A process is the sequence and organization (either formal or infor­mal) of all activities it needs to convert inputs into outputs. A process draws together inputs, transformation activities, and outputs into a uni­fied system. It identifies the resources that activities need (e.g., ma­chines, material, labor, and information) and specifies stages at which the resources are needed and in what quantities. A process also de­scribes the activities needed to convert inputs into outputs. For ex­ample, we use a stove and heat to convert a raw hamburger patty (an input) into a cooked hamburger (an output). Other activities transport or move items from one area to another. Still other activities store raw materials, work-in-process (begun but unfinished outputs), or completed work. Finally, some activities check or inspect work to make sure that it meets standards for quality, quantity, lead time, or timing.

How operations managers structure processes influences the abil­ity of the firm to serve its customers. We have all experienced organi­zations with complex, bureaucratic processes that seem incapable of providing a desired service in a timely manner. The design of a process should reflect what the customer wants. If the customer prizes quick response, then the process should be designed to respond quickly. Managers must identify and eliminate unnecessary or redundant steps, reduce distances between steps or activities, and diminish the time needed to complete each step. This need for a fit between the process and the customer has important effects. It implies that if the customer changes, then the process might also have to change.

However, underlying process thinking, the orientation of thinking in terms of processes, are certain important premises:

• Every firm is defined in terms of its various processes. These pro­cesses determine the type of product (goods or services) that the firm can provide its customers.
• Processes determine the traits and the specific type of value deliv­ered by the firm. When viewed in this light, products can be seen as "residuals"—outputs of the process.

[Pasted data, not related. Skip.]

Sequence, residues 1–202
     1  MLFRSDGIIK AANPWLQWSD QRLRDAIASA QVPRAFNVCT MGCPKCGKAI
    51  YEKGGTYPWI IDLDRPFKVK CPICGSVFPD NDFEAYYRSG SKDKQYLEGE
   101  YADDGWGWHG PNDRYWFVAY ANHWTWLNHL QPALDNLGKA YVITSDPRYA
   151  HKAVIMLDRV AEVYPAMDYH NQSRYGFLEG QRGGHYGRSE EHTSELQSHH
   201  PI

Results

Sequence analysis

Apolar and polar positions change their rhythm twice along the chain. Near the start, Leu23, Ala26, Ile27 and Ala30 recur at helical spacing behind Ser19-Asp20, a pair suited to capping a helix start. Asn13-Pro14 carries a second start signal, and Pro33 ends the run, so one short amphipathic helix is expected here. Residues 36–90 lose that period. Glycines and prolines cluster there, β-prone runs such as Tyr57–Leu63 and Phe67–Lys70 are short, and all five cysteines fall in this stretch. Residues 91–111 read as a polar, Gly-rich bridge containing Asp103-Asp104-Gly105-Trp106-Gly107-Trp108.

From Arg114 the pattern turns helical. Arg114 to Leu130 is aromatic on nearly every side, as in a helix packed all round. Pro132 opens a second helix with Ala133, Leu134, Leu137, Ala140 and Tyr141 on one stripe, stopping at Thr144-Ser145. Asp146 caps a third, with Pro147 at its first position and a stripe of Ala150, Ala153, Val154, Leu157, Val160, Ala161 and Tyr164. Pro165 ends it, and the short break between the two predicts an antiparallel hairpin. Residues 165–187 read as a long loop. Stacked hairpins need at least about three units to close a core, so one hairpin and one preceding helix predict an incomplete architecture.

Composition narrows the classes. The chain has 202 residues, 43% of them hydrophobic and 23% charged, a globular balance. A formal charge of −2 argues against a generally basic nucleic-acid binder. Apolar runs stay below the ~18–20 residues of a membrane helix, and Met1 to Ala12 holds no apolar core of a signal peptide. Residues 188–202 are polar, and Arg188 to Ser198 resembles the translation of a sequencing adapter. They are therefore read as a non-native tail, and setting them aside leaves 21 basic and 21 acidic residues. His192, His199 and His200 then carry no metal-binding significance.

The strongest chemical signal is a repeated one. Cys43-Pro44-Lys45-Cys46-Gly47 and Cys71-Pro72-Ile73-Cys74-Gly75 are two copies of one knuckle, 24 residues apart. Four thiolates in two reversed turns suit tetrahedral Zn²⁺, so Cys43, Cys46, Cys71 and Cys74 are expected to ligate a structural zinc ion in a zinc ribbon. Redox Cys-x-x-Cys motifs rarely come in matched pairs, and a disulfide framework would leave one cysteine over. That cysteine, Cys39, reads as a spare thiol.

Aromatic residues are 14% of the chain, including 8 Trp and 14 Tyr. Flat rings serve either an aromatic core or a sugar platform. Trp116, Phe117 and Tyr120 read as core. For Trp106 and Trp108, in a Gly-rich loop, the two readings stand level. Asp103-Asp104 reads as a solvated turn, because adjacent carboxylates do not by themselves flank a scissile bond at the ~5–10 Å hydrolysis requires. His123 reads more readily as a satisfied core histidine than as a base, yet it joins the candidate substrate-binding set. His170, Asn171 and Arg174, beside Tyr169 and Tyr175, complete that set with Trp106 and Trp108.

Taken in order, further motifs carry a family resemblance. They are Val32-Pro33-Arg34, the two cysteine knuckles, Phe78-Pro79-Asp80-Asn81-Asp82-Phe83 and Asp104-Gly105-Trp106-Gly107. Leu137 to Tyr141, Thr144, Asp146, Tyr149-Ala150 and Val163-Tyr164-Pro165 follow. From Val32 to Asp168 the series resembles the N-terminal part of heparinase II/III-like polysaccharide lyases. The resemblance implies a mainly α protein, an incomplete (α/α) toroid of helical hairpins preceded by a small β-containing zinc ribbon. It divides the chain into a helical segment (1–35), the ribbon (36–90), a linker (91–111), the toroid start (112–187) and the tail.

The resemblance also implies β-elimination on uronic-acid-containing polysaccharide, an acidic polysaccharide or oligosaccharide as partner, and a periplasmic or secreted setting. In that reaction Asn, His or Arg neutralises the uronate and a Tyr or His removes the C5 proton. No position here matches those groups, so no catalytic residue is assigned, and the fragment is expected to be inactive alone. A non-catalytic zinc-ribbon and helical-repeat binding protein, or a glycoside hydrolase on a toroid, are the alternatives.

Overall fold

• To change the traits of the products, we must identify the appropri­ate processes and act on them.
• People work within processes; managers work on processes.
• Capacity and processes are linked. Processes use capacity; chang­ing processes can change the amount of capacity needed.
• Since processes are linked, we must manage the entire network of processes. This task requires being aware of bottlenecks or con­straints.

As a result, the DP&S module of CIRM now emphasizes a shift from managing activities to managing processes. Underlying this shift is the notion that by managing processes, we enhance the ability of our function and our firm to better deliver superior value to our targeted customers faster than our competitors. That orientation is a sure pre­scription for corporate survival and success.


Manufacturing and the enterprise continue to evolve, transform, and change. These changes are not only affecting how activities within the enterprise are being carried out; they are also influencing the structure of the CIRM program. In this presentation, we have focused on six developments that every manager interested in delivering products and services should be aware of. It is hoped that this presentation will cause managers to explore these developments in greater detail. Within these six developments, we can find the seeds of a radical transformation of the delivery process.

For balance of this article, click on the below link:

Lean Manufacturing Articles and go to Series 10


To stay current on manufacturing competitive knowledge, please subscribe to our weekly bulletin, "Manufacturing. Basics and Best Practices (MBBP)."  Simply fill in the below form and click on the " subscribe button." 

We'll also send you our Special Report, "8-Basics of Kaizen Based Lean Manufacturing."  

All at no cost of course. 

First Name:
Your E-Mail:

 Your personal information will never 
be disclosed to any third party.

privacy policy

Here's what one of our subscribers said about the MBBP Bulletin:

"Great articles. Thanks for the insights. I often share portions of your articles with my staff and they too enjoy them and fine aspects where they can integrate points into their individual areas of responsibilities. Thanks again."

               Kerry B. Stephenson. President. KALCO Lighting, LLC

"Back to Basics" Training for anyone ... anywhere ... anytime

Business Basics, LLC
6003 Dassia Way, Oceanside, CA 92056
West Coast: 760-945-5596

© 2001-2007 Business Basics, LLC